A couple years ago, as I was preparing for my sabbatical, I applied for a Clergy Renewal Grant from the Lilly Foundation. These grants are awarded to clergy going on sabbatical to help them truly experience a time of rest and renewal. I centered my grant proposal on the theme of “Going to the Mountaintop.” I proposed spending some time in the Smoky Mountains, taking a trip to Rocky Mountain National Park, and ending with an excursion to Denali National Park in Alaska. I thought it was a great proposal. Apparently, the folks at Lilly were less enthused by it. I didn’t get the grant.
Fast-forward to this summer at General Assembly in Nashville (I know, there are no mountains there; bear with me). I was previously a part of a group called the Bethany Fellowships, which brought together young clergy right out of seminary to help them make the transition into full-time ministry (our Minister of Growth, Robyn Fickes, is part of this group). In Nashville, I learned that there was going to be a Bethany Fellows Alumni Retreat this fall in – are you ready for this? – Rocky Mountain National Park! I couldn’t sign up fast enough.
Last week was the retreat. I flew into Denver Monday evening and we drove up to the St. Malo Retreat Center near Estes Park. It was an incredible experience to go from the rolling hills of Lexington to the mountainous terrain of Colorado. From my room, I had a gorgeous view of Mt. Meeker, a 14-thousand-foot peak.
There were four others on the retreat and we spent some time getting to know each other and sharing in worship on Monday evening. Tuesday morning, I woke up before sunrise (being two hours ahead made that a little easier) and watched the sun come up over the foothills. Later that morning, we drove into the park and did some hiking around the Bear Lake area. Thankfully, we didn’t see any bears! We also hiked to Nymph Lake and Dream Lake, where the wind was blowing so hard that it was snowing horizontally.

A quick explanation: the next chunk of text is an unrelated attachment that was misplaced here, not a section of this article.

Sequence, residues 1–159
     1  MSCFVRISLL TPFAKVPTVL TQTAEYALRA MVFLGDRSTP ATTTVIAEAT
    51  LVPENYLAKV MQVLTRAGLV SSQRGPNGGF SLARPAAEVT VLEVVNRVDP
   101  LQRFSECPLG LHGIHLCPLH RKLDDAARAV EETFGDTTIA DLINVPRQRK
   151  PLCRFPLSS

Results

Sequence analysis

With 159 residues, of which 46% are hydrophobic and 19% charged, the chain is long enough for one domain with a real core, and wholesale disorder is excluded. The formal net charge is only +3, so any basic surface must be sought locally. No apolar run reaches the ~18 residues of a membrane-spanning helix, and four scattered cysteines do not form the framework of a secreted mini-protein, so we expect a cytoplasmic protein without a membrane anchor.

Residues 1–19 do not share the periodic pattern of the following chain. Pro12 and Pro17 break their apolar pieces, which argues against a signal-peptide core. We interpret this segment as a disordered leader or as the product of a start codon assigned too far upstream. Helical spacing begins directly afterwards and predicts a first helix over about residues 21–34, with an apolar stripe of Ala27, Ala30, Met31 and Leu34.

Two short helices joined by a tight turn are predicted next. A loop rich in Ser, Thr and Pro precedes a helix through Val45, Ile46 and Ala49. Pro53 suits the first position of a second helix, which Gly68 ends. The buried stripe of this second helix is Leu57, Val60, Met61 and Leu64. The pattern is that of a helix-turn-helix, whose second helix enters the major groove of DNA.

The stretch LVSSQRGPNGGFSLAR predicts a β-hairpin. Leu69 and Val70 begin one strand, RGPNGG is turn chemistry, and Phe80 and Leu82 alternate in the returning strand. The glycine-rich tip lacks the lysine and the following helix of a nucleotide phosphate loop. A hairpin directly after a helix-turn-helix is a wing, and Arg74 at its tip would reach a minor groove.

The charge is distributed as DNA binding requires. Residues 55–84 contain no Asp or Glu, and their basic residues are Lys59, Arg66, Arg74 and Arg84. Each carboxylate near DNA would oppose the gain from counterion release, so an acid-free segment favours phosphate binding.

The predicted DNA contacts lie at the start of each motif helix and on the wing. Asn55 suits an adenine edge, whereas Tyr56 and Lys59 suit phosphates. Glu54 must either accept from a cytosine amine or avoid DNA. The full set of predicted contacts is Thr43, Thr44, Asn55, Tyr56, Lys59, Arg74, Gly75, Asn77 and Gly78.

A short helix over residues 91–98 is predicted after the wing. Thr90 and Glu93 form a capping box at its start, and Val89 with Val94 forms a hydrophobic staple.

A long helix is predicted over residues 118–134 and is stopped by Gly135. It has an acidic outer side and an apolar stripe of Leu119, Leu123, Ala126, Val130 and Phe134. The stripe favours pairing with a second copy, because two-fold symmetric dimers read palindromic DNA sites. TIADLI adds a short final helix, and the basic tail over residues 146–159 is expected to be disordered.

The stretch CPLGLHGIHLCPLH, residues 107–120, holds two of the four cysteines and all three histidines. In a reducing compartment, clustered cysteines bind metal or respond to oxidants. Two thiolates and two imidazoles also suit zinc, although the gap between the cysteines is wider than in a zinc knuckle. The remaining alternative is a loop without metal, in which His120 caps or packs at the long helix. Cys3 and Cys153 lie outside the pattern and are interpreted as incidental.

That afternoon, the group shared together some of our best practices for ministry and our hopes and dreams for our congregations. It was wonderful to hear the innovative ministries my colleagues are doing and to share some of the great things about Crestwood. We all came from very different ministry settings and yet there we learned a lot from each other.
That evening brought the part of the retreat I was dreading – SILENCE! We went into silence after dinner. As I’ve told you, I’m not really good at this, so it took me a long time to settle my body and spirit. Since I was in charge of the worship service coming out of silence, I was thankful to have “something to do” during that time.
The next morning, I committed myself to really being silent. For the first time in forever, I didn’t turn on my computer when I woke up. I ate breakfast in silence (hard to do since a group of 8th grade boys were also staying at the retreat center) and then suited up for a hike up the mountain behind the retreat center. The trail was fairly easy to navigate and ended at a beautiful waterfall about a third of the way up the mountain. I found a rocky outcrop that I climbed which gave me a better view of the sights around me. After about 1/2 hour, I reluctantly hiked back to the retreat center.
So how did I do with the silence? Amazingly well. In fact, this silence experience was truly transformative for me. First of all, I realized well into the hike that I didn’t bring my headphones with me, which is very unusual. For me, one of the first things I do when I have a walk or run ahead of me is put on some music. To not even remember my headphones tells me I was actually looking forward to having the natural soundtrack on my hike.
And what a soundtrack! Chirping birds, gusting winds through the pine trees, a babbling brook alongside the path – even if I hadn’t been in a time of silence, I would have been struck dumb by the awesomeness of the experience. Next week I’ll write about what is was like for me to actually climb a mountain, which we did that afternoon. I know and am thankful that God is everywhere, but last week, I felt God in a new, powerful way.